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It's odd, in the aviation world this isn't a debate, it's a accepted fact that windmilling is more drag. Next time I'm out I'll do a little experiment, ether way don't feel like ty noise, or lack of cooling water in the dripless or spinning that much for ether little or a negative
We've been through this discussion on CF a number of times. I've pretty well given up. I remember in Fluid Dynamics under Prof Jacques Hadler (a leading light in propeller design) doing the calculations for this very question. Then we trooped down to the water flow tunnel for testing. Less drag with the prop fixed. It seemed counter intuitive so a bunch of us trooped down to Prof Hadler's office. He pointed out that our calculations showed less drag with the prop fixed. We agreed. He pointed that the water tunnel tests showed less drag with the prop fixed. We agreed. He suggested we needed to work on our intuition.

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It shows the need to do some background work before you accept an offer to crew on a crossing. Inexperienced skippers usually are eager to learn from experienced crew. But some people are so inexperienced that they are unaware of their ignorance.
Absolutely. When talking to crew candidates I am clear that questions are encouraged and that the interview works in both directions. I need to be confident in them, and they need to be confident in me. There are no dumb questions, only stupid answers.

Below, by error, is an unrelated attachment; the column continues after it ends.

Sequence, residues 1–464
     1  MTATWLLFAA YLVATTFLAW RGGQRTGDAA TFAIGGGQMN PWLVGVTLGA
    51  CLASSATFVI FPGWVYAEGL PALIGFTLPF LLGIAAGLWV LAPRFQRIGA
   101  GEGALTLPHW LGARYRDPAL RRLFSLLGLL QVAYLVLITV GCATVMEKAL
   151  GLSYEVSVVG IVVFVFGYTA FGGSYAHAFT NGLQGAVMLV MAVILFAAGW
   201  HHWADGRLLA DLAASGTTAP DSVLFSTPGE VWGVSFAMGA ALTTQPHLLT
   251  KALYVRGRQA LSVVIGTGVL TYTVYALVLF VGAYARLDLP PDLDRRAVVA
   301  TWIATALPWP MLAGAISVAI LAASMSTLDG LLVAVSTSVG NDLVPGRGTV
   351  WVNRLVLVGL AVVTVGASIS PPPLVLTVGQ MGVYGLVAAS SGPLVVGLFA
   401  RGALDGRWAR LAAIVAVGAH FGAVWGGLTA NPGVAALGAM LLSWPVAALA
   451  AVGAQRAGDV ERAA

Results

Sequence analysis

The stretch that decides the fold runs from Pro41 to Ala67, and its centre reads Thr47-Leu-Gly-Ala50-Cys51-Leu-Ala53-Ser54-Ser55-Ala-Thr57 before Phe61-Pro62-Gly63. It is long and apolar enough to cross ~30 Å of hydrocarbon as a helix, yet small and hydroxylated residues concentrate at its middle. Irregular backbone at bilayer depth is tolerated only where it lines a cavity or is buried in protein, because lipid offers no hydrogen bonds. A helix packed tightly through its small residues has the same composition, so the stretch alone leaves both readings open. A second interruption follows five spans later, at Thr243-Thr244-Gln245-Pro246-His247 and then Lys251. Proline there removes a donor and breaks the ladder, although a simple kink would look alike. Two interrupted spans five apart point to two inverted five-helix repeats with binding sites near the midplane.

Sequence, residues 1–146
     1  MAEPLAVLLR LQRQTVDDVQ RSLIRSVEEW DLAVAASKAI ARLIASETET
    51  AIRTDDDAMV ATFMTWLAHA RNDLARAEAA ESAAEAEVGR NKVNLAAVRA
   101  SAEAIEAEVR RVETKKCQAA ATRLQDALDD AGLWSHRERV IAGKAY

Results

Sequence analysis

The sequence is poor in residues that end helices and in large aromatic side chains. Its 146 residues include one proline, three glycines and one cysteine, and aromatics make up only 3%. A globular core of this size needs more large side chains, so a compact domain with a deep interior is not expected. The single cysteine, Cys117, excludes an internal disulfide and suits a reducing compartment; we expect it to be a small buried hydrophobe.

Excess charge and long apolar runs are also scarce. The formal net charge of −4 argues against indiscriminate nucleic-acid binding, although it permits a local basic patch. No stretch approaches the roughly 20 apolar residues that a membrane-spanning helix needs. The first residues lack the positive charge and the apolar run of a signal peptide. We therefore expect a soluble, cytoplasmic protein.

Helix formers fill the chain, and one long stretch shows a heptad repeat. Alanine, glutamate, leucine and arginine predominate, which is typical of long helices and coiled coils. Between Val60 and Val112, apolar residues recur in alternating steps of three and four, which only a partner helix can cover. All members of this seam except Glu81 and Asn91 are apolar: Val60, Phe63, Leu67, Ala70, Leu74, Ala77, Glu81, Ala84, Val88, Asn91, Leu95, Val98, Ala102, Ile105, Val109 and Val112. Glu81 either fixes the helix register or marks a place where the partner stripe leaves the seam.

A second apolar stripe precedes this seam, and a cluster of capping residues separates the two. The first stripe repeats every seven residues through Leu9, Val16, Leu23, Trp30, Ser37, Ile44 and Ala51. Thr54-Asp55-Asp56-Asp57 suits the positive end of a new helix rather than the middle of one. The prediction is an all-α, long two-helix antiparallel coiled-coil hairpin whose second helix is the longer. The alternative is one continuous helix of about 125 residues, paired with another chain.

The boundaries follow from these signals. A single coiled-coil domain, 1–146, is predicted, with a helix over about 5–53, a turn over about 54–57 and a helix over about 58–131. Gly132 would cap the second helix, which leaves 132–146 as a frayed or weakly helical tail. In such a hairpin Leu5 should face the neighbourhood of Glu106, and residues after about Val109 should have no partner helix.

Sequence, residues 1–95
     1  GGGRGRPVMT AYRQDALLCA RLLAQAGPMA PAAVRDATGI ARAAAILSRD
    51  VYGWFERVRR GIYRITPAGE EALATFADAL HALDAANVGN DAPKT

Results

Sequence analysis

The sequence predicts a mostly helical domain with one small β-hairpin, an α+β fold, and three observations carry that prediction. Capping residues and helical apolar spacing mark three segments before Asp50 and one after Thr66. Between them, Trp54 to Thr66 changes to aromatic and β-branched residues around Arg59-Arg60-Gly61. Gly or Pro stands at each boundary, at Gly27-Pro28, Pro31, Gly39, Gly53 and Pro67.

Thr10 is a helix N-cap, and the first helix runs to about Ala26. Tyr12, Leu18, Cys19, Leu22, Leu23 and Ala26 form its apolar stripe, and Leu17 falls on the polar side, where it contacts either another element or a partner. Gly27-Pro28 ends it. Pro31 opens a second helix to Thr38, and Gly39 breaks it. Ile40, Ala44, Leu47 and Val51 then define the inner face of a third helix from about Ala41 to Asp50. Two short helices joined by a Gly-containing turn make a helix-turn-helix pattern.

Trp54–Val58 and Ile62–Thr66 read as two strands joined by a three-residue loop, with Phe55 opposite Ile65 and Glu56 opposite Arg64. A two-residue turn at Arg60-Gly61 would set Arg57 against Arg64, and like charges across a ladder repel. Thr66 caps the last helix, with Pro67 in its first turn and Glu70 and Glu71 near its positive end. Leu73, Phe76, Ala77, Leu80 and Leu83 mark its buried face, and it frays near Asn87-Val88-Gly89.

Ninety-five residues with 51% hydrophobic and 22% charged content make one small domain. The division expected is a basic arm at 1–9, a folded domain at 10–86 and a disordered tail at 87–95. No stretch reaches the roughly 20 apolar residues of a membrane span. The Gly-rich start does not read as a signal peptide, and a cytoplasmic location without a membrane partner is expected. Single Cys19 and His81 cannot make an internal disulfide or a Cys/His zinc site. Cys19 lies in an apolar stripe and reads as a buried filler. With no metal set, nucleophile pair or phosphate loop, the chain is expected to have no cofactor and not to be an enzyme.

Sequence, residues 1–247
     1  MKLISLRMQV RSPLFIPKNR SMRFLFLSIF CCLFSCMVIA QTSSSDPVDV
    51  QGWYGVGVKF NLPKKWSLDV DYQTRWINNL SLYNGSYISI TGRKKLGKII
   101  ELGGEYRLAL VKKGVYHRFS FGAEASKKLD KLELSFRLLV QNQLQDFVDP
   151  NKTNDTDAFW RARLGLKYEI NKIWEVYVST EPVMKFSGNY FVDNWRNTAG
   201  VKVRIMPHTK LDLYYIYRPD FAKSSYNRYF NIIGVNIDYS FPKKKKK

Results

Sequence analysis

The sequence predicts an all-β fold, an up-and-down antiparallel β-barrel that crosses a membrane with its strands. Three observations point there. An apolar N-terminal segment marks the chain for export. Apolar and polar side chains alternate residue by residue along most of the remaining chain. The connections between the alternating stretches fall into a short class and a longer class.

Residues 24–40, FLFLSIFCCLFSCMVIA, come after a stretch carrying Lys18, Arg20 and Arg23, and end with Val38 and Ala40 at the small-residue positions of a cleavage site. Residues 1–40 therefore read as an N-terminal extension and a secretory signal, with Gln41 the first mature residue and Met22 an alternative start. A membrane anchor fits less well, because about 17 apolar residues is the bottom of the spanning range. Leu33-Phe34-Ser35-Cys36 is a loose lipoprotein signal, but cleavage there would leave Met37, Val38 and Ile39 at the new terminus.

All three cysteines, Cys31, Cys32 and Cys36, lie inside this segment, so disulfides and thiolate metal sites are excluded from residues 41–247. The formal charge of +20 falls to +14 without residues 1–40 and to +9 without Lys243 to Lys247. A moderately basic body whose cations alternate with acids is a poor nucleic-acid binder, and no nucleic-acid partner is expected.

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Old 29-06-2020, 08:15   #102
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Re: Captain/Owner Sleeping at the Helm

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Only if one had extensive knowledge of a horse's salt requirement and very limited knowledge of a chocolate cakes sugar requirement.
Entirely accurate but... the description makes an autorotative landing sound much scarier than it actually is. I hold a commercial helicopter rating, and during training and flight exams I've done around a hundred landings in autorotation - and one for real landing after power loss.

The practice procedure is to chop power to idle (done as a surprise when with an examiner), pitch up slightly if in forward flight to covert the forward kinetic energy into stored potential energy until forward velocity is lowered to the recommended speed for an autorotation (which gives a better glide ratio), set collective pitch for maximum rated rotor RPM (NOT maximum possible RPM unless you want the blades to fly off the hub!), pick a landing site within the narrow glide ratio (about 2 or 3 to 1 - it's like landing the Space Shuttle - not much glide ratio), "glide" to landing, and at about 25 feet above ground level, gradually raise the collective pitch to convert both the stored rotative potential energy in the main rotor, and the forward speed in the glide -- into lift. Then land. Perfectly performed, you touch down with a little forward speed and all the energy in the main rotor bled off. In practice, in that final flare, you twist the throttle back in to restore power instead of touching down. Easy peasy.

When the engine quits, the danger is not lowering collective pitch right way, allowing rotor RPM to drop so far that the main rotor "cones" and the RPM drops so far that the rotor cannot be spun back up. Rotor stall. It's unrecoverable. Then, you're sitting on a lawn dart and you make a smoking hole in the ground. But that's pilot error - not an inherent limitation of the aircraft.

Since the glide range is so narrow, the basic rules is: don't fly over anything you don't care to land on. If you're a prudent pilot, you play hopscotch between potential landing spots. But of all the possible major failures in a helicopter, the least dangerous is an engine failure. Failures of control linkages or a seized transmission invariably have dire outcomes. (Tail rotor failure in cruising forward flight is just annoying.)